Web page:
Hours earlier, he was a happy 4-year-old who loved Ironman and the Hulk and all the Avengers. Now, as Bryson Mees-Hernandez approached death in a Houston hospital room, his brain swelling through the bullet hole in his face, his mother assured the boy it was OK to die.
"When you are on the other side," his mother, Crystal Mees, recalls telling him, "you are going to see Mommy cry a lot. It's not because she's mad. It's because she misses you."
And this: "It's not your fault."
But whose fault was it?
Bryson shot himself last January with a .22-caliber Derringer his grandmother kept under the bed. It was an accident, but one that could be blamed on many factors, from his grandmother's negligence to the failure of government and industry to find ways to prevent his death and so many others.
The Associated Press and the USA TODAY Network set out to determine just how many others there have been.
The findings: During the first six months of this year, minors died from accidental shootings—at their own hands, or at the hands of other children or adults—at a pace of one every other day, far more than limited federal statistics indicate.
Tragedies like the death of Bryson Mees-Hernandez play out repeatedly across the country. Curious toddlers find unsecured, loaded handguns in their homes and vehicles, and fatally shoot themselves and others. Teenagers, often showing off guns to their friends and siblings, end up shooting them instead.
Using information collected by the Gun Violence Archive, a nonpartisan research group, news reports and public sources, the media outlets spent six months analyzing the circumstances of every death and injury fromaccidental shootings involving children ages 17 and younger from Jan. 1, 2014, to June 30 of this year—more than 1,000 incidents in all.
Among the findings:
- Deaths and injuries spike for children under 5, with 3-year-olds the most common shooters and victims among young children.
- Accidental shootings spike again for ages 15-17, when victims are most often fatally shot by other children but typically survive self-inflicted gunshots.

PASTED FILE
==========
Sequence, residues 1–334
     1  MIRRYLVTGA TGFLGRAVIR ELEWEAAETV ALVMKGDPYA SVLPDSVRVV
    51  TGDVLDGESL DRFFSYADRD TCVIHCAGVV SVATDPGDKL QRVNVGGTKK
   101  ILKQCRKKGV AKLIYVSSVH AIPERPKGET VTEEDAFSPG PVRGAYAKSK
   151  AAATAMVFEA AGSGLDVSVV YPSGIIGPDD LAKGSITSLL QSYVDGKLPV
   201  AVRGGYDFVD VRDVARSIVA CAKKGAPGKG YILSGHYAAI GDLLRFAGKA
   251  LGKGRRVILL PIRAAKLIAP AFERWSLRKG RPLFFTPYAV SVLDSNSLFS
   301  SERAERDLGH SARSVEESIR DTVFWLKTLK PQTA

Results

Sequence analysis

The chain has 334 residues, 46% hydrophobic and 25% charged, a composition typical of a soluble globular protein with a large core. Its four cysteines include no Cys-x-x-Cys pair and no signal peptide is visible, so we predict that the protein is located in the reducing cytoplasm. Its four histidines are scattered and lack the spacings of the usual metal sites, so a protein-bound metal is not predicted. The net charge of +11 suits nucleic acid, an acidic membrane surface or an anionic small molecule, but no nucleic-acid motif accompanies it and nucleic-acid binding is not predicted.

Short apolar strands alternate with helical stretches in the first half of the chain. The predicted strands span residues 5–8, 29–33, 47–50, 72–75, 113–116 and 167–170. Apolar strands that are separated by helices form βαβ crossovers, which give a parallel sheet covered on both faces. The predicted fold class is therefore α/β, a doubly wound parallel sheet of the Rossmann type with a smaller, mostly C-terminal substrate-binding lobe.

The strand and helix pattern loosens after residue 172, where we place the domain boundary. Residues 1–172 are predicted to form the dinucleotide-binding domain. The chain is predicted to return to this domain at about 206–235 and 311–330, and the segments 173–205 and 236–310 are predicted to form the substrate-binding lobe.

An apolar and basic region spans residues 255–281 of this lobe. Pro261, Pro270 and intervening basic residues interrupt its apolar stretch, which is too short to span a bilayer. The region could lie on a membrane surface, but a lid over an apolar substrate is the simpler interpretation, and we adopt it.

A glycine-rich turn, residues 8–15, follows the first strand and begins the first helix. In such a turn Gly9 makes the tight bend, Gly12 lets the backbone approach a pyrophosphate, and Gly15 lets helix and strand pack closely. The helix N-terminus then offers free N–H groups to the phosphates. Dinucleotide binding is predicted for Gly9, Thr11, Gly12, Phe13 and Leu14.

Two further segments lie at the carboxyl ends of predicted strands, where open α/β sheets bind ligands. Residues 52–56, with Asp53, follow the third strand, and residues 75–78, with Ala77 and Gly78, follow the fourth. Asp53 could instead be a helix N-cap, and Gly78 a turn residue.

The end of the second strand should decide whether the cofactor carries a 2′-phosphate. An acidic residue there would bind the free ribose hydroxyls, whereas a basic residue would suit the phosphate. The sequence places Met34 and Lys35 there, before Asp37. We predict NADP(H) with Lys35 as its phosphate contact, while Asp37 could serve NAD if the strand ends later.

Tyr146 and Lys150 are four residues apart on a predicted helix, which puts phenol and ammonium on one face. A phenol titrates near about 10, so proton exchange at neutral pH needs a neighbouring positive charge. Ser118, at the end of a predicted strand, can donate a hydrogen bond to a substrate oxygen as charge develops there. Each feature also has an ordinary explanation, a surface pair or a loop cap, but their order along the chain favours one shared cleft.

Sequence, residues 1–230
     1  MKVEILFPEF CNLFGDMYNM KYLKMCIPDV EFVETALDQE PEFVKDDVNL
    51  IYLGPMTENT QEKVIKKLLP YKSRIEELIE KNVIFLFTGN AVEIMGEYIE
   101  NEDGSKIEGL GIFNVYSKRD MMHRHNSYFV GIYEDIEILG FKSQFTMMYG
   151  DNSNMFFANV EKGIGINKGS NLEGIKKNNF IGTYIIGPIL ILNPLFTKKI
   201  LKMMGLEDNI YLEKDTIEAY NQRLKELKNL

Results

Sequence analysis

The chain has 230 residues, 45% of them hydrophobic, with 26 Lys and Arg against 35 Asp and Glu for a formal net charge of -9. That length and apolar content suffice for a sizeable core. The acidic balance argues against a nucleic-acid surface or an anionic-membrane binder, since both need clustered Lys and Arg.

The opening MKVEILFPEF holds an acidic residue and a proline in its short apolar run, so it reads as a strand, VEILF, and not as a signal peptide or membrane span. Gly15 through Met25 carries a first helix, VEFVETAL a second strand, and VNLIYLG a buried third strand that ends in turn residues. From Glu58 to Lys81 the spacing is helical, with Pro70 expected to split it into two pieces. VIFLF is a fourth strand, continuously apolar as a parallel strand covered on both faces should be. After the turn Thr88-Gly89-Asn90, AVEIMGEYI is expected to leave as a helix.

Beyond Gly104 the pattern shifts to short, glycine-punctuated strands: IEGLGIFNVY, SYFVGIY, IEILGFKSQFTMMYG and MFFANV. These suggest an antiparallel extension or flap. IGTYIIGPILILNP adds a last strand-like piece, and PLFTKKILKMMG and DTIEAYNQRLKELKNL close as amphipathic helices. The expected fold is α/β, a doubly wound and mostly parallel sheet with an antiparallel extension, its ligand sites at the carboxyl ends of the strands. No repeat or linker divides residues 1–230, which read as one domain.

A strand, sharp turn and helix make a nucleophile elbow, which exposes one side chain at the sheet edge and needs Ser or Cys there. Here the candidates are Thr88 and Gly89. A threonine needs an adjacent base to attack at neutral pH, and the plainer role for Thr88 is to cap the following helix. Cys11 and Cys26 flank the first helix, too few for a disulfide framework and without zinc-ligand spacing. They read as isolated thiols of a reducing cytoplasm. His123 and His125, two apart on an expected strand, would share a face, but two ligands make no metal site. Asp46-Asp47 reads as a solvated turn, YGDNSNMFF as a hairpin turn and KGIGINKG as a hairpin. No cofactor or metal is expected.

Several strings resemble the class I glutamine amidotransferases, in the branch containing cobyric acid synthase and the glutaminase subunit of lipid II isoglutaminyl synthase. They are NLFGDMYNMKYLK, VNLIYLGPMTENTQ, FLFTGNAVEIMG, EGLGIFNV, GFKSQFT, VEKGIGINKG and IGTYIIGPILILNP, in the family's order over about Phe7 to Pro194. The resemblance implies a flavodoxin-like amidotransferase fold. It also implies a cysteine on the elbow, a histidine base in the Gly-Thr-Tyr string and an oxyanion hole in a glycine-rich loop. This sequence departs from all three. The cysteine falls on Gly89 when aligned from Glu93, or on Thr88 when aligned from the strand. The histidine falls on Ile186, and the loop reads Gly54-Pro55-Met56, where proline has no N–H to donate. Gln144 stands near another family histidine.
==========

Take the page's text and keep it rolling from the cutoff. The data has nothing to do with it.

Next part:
- States in the South are among those with the highest per capita rates of accidental shootings involving minors.
Another finding: The vast majority of shooters and victims are boys. A shooting last year in Shreveport, Louisiana, is a case in point.
Cameron Price, 4, and his 6-year-old brother, Ka'Darius, were riding their bikes outside the Levingston Motel, where their family had taken a $30-a-night room.
They decided to go inside, into a room where several adult acquaintances of their parents had been smoking marijuana. A gun was sitting out, and Ka'Darius thought the chrome and black .40-caliber pistol was a toy.
Then a single shot rang out, and the bullet fatally struck the younger boy.
Ka'Darius later told police he "pushed the bad button" and he understood his brother "had a hole in his head," was going to the hospital and not coming home.
The U.S. Centers for Disease Control and Prevention reported that 74 minors died from accidental discharges of firearms in 2014, the latest year for which comparable data are available. The AP and USA TODAY analysis counted 113 for that year, suggesting the federal government missed a third of the cases.
While accidental shootings account for only a fraction of firearm deaths in the U.S., gun safety advocates have long argued that they are largely preventable.
They demand stricter laws requiring guns to be kept locked up and unloaded. But gun rights supporters argue those measures make guns less useful in emergencies; citing CDC statistics, the National Rifle Association argues in public statements that such deaths have declined significantly in recent decades and that the chance of a child dying in a firearms accident is "one in one million."
Bob Anderson, chief of the mortality statistics branch of the CDC's National Center for Health Statistics, suggested the NRA was citing statistics that underestimate the risk guns represent to children. He said the undercount documented by the AP and USA TODAY Network is "significant and important," but not surprising.
The agency has long suspected that its statistics on accidental firearms deaths are too low, he said.
Gun safety advocates have urged a public health approach that includes more government research, more public awareness and stricter state laws.
That is just what Crystal Mees is advocating in Texas after the death of her son at her mother's house.
Mees had given birth months earlier to a baby girl and needed sleep, so she had taken Bryson and his 2-year-old sister there to spend the night.
It began as a typical night. After their baths, Bryson asked if he could hop in bed with his grandfather, who was already asleep. His grandmother, Anna Sperber, said yes, before she fell asleep on the living room couch with the younger girl.
When Sperber got up to get a blanket hours later, she saw Bryson face down on the bedroom floor. She thought he had fallen asleep.
Then she noticed the lump on his head and panicked when she saw the pistol she kept under her bed lying next to him. He had shot himself above the right eye.
Crystal Mees blames her mother for her son's death and no longer talks to her or brings her two children around; she says she had warned her to keep the gun out of children's reach. She plans to push for a "Bryson's law" in Texas to make it easier for prosecutors to bring charges against adults who allow children access to firearms.
Both women attended the funeral, where relatives dressed up as Bryson's beloved Avengers. He was buried with Legos, toy cars and his grandfather's favorite cologne.
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